UK consumer confidence has defied recovery hopes and plunged to a new all-time low, as homes struggle under pressure from the cost of living crisis.
Research group GfK said on Friday that the consumer confidence index, a closely watched measure of how people view their personal finances and macroeconomic prospects, fell 5 percentage points to minus 49 in September. It was the lowest since records began in 1974.
GfK Client Strategy Director Joe Staten said confidence had “fell” in September and homes “buckled” to a new low.[ed] Under pressure from a rising cost of living crisis in Britain due to rapidly rising food prices, household fuel bills and mortgage payments”.
The fall defied expectations of a small increase to a minus 42 forecast by economists polled by Reuters, who thought there would be some improvement following the government’s £150bn package aimed at defraying household energy bills.
The data comes a day after the Bank of England raised interest rates by 50 basis points to 2.25 per cent, the highest since 2008, meaning that borrowing will become more expensive for businesses and households.
“For consumers who are already struggling to keep their household finances under control, the rate hike results in increased borrowing costs . . . said James Brown, managing partner at global consultancy Simon-Kutcher & Partners. “May indicate a breaking point, leading to a reduction in demand.”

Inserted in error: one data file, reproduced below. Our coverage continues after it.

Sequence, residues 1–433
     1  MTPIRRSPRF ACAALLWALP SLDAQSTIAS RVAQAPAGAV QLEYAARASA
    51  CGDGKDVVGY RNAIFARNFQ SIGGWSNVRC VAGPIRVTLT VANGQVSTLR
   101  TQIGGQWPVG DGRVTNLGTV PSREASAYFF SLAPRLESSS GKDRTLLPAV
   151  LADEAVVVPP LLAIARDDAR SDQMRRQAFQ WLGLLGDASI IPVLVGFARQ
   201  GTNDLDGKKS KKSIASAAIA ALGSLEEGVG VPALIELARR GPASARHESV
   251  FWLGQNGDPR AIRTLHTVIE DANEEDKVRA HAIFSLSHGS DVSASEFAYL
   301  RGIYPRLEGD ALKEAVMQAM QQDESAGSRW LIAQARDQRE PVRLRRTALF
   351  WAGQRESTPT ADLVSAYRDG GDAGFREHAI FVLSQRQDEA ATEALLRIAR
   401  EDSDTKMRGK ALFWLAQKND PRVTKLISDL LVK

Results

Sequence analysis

Including the energy bill freeze, the BoE expects UK inflation to hit 11 per cent in October from its current 9.9 per cent, a nearly 40-year high, further reducing households’ real incomes.
The data also follows confirmation from Friday’s mini-Budget that the government would reverse the 1.25 percent increase in national insurance contributions introduced in November to April.
Staten said that “the mini-budget, and the long-term agenda to help steer the economy and rebalance domestic finances, will be a major test for the popularity of the new government of Liz Truss”.
The GFK index, based on interviews collected in the first two weeks of the month, shows scores with respect to four out of five questions that touch on personal finance and the macroeconomic picture at record highs.
Forward-looking indicators, which track expectations for the next 12 months, posted the biggest declines, falling 9 percentage points for personal finance and 8 percentage points for the economy.
Economists expect record-low consumer confidence to result in a reduction in spending, a trend recorded by the BoE in a survey of its agents. published on Thursday.
It showed that food retailers reported customers opting for cheaper goods and cutting back on non-essential items such as confectionery. Discount chains gained market share, while sales of home goods, such as furniture, electrical goods and home-improvement products, declined.
Clothing sales were supported by a return to office, but in hospitality, sales were down at pre-pandemic levels. Holiday bookings also weakened and domestic tourism was limited by higher petrol prices.
However, demand was strong for financial services and legal advice, such as tax planning, equity releases, debt consolidation and prompt repayment. Third sector organizations also reported a large increase in people seeking credit advice.